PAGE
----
A plague of ravenous beasts descends on the capitol, slaying the emperor and ravaging the city. The crown prince and a small portion of his entourage escape, including the two very different POV characters:  The first is Tejohn. An aging war hero who won fame and renown hunting down rouge scholars and quelling rebellion, he is the Prince’s bodyguard. The second is Cazia Freewell. The teenage daughter of a rebellious lord, she is kept in the imperial court as a hostage, where she is raised in the imperial culture and is studying to be a scholar. Despite their differences and hatred of each other, the POV characters are united in their desire to preserve the empire and protect the Prince, and they soon split up to run separate quests for him. As the plague spreads and the story progresses, however, the goal slips from maintaining the empire, to survival, of the characters, of civilization, and even of humanity itself.

As a fantasy adventure, this is a fast-paced, hard-hitting, and creative story. And I recommend it on that basis alone. But there are additional attractions that the story has to people of science.

One of the main thematic arcs is the position of scholars in society, and how their knowledge and power is handled and feared by society. This is seen through the viewpoint of Cazia, as she grows up and sees the wider world beyond the palace where he has been imprisoned, and also by Tejohn, who confronts his scars from fighting rogue sorcerers as he comes to the realization that they are needed in the fight to save humanity. Of course, this tale of an ancient fantasy empire is told by a modern American writer, and is prescient for scholars in the here and now. This becomes most clear in the third book, where Cazia experiences what modern scientists refer to as Cosmic Vertigo:

“I can look into the world.” The words barely made any sense, and she was the one saying them. “I can look into the world and see its parts.”

Just as clearly, she sees the fear, greed, and cunning that the rest of society feels when they realize she- like modern atomic scientists- can see and do things outside of the ordinary experience of most humans living their day to day lives. As the story takes place in a collapsing civilization, this is all the more important for all of us to appreciate.


Saturday, December 08, 2018

The Greenland impact crater


This is a brief note on the recent Science Advances paper on the Hiawatha Impact crater, a large, recent crater which lies under the Hiawatha glacier in extreme northern Greenland.

In the past, I have bagged out impact crater scientists and being alarmist and even dangerous. However, this discovery is the real deal. Similarly, I have occasionally criticized the “glamour-mag” approach to scientific publication, but in this instance, a big splash is appropriate, because it is a big deal, and the evidence is overwhelming.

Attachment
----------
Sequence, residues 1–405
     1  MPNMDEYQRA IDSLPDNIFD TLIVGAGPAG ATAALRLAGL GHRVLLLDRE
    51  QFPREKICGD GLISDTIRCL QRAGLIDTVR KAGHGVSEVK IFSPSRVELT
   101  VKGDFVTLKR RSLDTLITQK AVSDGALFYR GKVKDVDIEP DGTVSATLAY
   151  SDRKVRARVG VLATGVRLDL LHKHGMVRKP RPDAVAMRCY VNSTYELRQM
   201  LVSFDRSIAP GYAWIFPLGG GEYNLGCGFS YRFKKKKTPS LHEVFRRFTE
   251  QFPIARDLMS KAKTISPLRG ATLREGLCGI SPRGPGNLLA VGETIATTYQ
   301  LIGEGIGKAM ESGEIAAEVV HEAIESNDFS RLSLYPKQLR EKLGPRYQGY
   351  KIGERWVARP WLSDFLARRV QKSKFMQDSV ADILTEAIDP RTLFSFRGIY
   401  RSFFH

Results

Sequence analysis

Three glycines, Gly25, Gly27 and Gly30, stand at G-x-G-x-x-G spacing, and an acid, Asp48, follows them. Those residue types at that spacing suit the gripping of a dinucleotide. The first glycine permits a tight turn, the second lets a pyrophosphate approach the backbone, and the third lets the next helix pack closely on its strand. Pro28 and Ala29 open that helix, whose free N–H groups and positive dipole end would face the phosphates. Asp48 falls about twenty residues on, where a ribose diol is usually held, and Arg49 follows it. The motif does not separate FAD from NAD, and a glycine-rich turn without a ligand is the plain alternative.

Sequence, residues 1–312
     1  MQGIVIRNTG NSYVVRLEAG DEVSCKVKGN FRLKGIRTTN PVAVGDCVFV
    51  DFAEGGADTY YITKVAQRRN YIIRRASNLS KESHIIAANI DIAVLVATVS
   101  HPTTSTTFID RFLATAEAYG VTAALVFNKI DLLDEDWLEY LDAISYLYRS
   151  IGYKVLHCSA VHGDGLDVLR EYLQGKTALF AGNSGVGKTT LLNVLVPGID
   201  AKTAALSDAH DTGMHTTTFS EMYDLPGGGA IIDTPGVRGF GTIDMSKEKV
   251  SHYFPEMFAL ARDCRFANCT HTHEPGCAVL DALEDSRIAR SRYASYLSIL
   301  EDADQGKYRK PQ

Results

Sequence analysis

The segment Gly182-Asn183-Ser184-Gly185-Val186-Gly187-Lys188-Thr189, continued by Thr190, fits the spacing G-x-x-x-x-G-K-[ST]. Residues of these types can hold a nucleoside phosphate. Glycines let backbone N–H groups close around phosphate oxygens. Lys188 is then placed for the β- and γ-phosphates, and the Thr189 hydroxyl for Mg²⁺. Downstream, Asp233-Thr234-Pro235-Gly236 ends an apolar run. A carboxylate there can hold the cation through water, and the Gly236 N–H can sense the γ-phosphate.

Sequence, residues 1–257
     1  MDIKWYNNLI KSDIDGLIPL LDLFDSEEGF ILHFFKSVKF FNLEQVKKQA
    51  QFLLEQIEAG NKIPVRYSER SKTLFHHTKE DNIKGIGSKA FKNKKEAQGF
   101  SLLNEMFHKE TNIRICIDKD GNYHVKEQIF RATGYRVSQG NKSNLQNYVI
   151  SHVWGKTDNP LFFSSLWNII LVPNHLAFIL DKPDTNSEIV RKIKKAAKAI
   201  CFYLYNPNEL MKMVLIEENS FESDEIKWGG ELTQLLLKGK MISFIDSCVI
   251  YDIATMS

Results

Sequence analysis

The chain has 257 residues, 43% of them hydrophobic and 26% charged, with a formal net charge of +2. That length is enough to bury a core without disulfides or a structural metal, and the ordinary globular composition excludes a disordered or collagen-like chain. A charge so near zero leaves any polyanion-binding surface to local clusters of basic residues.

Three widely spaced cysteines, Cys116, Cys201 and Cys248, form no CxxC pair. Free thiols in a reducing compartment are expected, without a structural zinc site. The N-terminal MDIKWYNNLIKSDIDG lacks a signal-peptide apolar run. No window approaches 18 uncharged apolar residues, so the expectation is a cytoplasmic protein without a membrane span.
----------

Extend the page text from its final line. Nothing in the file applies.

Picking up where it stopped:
The short version: Ice penetrating radar and analysis of glacial outwash sand show a large (31km diameter), recent impact crater under a Greenland glacier, complete with central peak. The outwash shows shocked quartz, probable melt glass, and PGE anomalies consistent with an iron (or stony iron) impactor. This is not one of those ancient, deformed, maybe-if-you-squint-you-can-see-a-circle crators, this is in your face and completely obvious to anyone who has studied even a little geology.

Like many short format papers, a lot of the details are in the supplementary materials.  For example:
This is a recent discovery because of global warming! Prior to 2012, the outlet glacer emptied into a lake. It is only ni the last 6 years that it has retreated onto land, so that the sediment they sampled and found the shocked quartz, impact glass, etc in was only exposed from beneath the melting ice sheet a few years ago.
They are planning on running conventional gravity surveys to look for rebound, but because all the ice is melting, the melt signal dominates the GRACE gravity signature.
No known impact ejecta is known from any of the North Greenland ice cores, making the crater likely to be older than the oldest of them (about 100ka). Ice cores are regularly checked for volcanic debris, and it is unlikely that they would miss something this large and close (quick math suggests the ejecta volume should be about 200-600 km3, making it a medium to large VEI-7 equivalent).

The crater overprints pre-glacial river valleys, and this is (as the authors state) probably Pleistocene in age (10ka-2.5Ma).

The melt glass should be datable via Ar/Ar dating, but it is not clear if they have recovered a large enough volume of the material to date at this stage.

I would expect a tektite field from an impact this size, but it isn’t clear where those tektites would end up. If they fell on ice (By definition, the Arctic was mostly ice-covered during most of the Pleistocene), then they would get carried to a moraine (on land), or float around until the ice was exported through the Fram Strait and melted somewhere in the NE Atlantic Ocean.

There is a controversial Younger Dryas impact hypothesis, which basically calls for an Arctic impactor as a trigger for the Younger Dryas cooling and extinction of the Clovis culture in North America. I would be careful connecting this crater to that event, as the NEEM ice core, less than 400km away, doesn’t have any reported ejecta, as known tephra are mostly basaltic. 

Finally, they report carbon in the silicate impact melt. That seems odd to me, as neither crustal gneisses nor iron meteorites have much carbon.  they should do ion probe d13C to get the isotopic composition. Who knows, maybe the impactor hit a peat bog.